Visually, the game is a stunner too, with bright pops of color and stark, memorable character designs that communicate a lot of information and detail. Even in darker environments like caves and snow-swept mountains, Arise is full of lush, lively colors and details that make each environment feel memorable and distinct. The game’s more sterile, high-tech environments still feel personalized, like they were designed by a civilization with certain principles in mind. All of the game’s combat animations and cutscenes are likewise full of energy and expressiveness. There is a problem with draw distances, though, where characters and environmental elements will pop in from out of nowhere while running around, which does break the game’s otherwise sterling presentation.
The combat system in Arise is a thing of beauty. Like its predecessors in the Tales series, you and your party fight enemies in circular arenas that appear when you run into an enemy walking around in each area — no random battles to bog you down here. Within the fights, you, your teammates and the enemies all move and attack in real time. You have a basic attack and different special attacks called Astral Artes that you can use sparingly (and using the same Arte repeatedly weakens it, incentivizing you to mix up your moves). You can swap among your party at any time, though they’ll still fight well when controlled by AI. Each party member also has a bar that fills up over time to trigger a different special move that deals damage as well as having specific benefits, such as knocking down airborne enemies or breaking a targeted enemy’s shield. Also, you can occasionally fill up your Over Limit, which makes your attacks stronger and can be used to hit a character-specific super-move. Finally, hitting an enemy in rapid succession when their health is low can fill up another meter that, if successful, triggers a two-person ‘Boost Strike’ finishing move.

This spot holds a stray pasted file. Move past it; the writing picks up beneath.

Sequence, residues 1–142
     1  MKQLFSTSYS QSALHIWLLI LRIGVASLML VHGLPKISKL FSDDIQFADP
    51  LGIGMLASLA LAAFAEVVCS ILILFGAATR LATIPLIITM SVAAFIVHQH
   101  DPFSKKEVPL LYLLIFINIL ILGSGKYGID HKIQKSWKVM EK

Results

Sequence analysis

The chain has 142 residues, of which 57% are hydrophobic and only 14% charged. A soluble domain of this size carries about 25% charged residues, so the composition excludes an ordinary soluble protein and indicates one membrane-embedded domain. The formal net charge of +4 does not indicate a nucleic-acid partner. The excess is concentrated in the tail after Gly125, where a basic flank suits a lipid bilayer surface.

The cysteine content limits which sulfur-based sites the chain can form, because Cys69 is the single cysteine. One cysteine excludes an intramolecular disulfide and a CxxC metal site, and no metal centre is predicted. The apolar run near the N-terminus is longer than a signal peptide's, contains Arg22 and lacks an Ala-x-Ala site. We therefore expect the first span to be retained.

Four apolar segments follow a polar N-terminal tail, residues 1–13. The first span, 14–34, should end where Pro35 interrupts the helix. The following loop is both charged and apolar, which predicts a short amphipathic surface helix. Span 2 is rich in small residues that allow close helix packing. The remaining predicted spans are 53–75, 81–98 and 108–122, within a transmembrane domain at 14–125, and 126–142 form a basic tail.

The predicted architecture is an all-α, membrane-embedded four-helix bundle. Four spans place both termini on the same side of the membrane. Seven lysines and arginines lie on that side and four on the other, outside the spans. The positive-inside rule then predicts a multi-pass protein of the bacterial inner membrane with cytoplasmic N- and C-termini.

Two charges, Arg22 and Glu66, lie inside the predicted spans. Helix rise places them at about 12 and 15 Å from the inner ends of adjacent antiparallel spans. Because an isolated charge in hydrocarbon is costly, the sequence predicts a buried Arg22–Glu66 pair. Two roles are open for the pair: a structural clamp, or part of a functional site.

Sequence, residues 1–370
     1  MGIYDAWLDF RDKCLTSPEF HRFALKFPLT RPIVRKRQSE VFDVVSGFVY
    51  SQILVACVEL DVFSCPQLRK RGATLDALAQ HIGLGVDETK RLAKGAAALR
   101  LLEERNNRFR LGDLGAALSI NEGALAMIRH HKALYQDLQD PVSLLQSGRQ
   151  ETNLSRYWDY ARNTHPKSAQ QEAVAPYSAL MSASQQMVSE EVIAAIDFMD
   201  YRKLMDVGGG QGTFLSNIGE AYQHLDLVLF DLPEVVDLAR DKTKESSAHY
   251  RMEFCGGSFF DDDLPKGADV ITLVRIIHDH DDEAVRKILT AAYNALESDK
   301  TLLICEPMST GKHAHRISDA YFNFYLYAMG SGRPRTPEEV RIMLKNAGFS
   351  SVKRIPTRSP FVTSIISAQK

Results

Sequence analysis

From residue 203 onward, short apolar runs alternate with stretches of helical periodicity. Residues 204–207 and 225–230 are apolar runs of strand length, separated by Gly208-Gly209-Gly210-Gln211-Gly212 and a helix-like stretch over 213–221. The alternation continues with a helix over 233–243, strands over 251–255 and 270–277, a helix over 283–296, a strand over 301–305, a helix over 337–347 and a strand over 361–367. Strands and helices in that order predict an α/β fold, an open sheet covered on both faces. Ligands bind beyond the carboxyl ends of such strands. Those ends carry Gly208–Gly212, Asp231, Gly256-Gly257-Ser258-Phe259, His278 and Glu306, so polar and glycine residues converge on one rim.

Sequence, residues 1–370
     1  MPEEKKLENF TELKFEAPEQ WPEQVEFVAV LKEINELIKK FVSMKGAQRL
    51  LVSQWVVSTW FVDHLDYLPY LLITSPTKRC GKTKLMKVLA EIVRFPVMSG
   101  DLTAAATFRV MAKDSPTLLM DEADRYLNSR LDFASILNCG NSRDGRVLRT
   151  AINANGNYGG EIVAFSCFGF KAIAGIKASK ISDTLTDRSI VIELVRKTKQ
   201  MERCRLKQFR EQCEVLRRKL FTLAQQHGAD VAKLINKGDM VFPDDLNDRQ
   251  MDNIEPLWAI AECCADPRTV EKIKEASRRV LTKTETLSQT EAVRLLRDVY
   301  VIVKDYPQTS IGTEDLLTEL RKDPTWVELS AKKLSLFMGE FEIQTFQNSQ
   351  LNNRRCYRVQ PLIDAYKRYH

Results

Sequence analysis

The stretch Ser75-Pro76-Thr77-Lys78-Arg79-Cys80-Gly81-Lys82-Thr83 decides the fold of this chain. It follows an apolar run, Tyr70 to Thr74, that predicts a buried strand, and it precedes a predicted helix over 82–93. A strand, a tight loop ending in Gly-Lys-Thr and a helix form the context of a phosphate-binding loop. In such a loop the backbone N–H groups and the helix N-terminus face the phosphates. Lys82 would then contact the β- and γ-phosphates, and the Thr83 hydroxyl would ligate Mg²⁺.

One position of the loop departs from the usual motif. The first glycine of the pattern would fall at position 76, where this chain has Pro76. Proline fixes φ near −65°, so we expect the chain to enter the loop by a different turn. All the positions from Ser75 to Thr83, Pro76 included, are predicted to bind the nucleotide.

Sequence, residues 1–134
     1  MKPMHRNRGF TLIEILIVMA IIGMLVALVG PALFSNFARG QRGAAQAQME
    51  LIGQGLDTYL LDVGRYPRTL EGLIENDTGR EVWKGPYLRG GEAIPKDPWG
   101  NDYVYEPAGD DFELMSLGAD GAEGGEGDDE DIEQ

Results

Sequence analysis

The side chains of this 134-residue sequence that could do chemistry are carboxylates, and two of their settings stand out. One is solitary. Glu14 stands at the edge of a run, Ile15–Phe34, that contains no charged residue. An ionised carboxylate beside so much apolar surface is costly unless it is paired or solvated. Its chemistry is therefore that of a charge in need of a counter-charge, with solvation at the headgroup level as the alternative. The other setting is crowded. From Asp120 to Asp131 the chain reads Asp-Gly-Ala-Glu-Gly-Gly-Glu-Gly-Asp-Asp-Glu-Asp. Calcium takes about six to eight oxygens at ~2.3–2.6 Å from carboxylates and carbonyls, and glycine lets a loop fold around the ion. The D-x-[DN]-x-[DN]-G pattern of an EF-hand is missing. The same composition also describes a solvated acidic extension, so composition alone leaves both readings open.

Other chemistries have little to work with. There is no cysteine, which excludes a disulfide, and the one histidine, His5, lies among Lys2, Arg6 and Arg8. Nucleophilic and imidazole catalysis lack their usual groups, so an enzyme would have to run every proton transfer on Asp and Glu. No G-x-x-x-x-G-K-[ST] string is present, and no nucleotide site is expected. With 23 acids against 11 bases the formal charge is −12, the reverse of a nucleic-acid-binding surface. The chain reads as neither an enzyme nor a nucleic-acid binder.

If that sounds like a lot of things to juggle in combat, that’s because it undoubtedly is. However, the real triumph in Tales of Arise is how this battle system works extremely well in application. When you’re rotating your special moves, activating Boost abilities one after the other, and building to a finisher, you feel like a conductor in front of an orchestra — everything falling into place, every teammate hitting exactly how you want them to hit, and it all building to consistent climaxes as you knock through enemies one by one.
Your screen will definitely fill up with fifty different kinds of flashing lights and filling meters though, and while I can’t say for certain I always know what the rest of my party is doing in combat, I can always find my character and read their current situation easily. It’s a testament to how well the game is designed that for all of the torrents of enemies and multi-colored explosions on my screen, my clunky old PS4 never had any performance issues or frame rate drops once during my playthrough. No matter how long or late I let a play session run, the mechanics of combat were never boring or unenjoyable.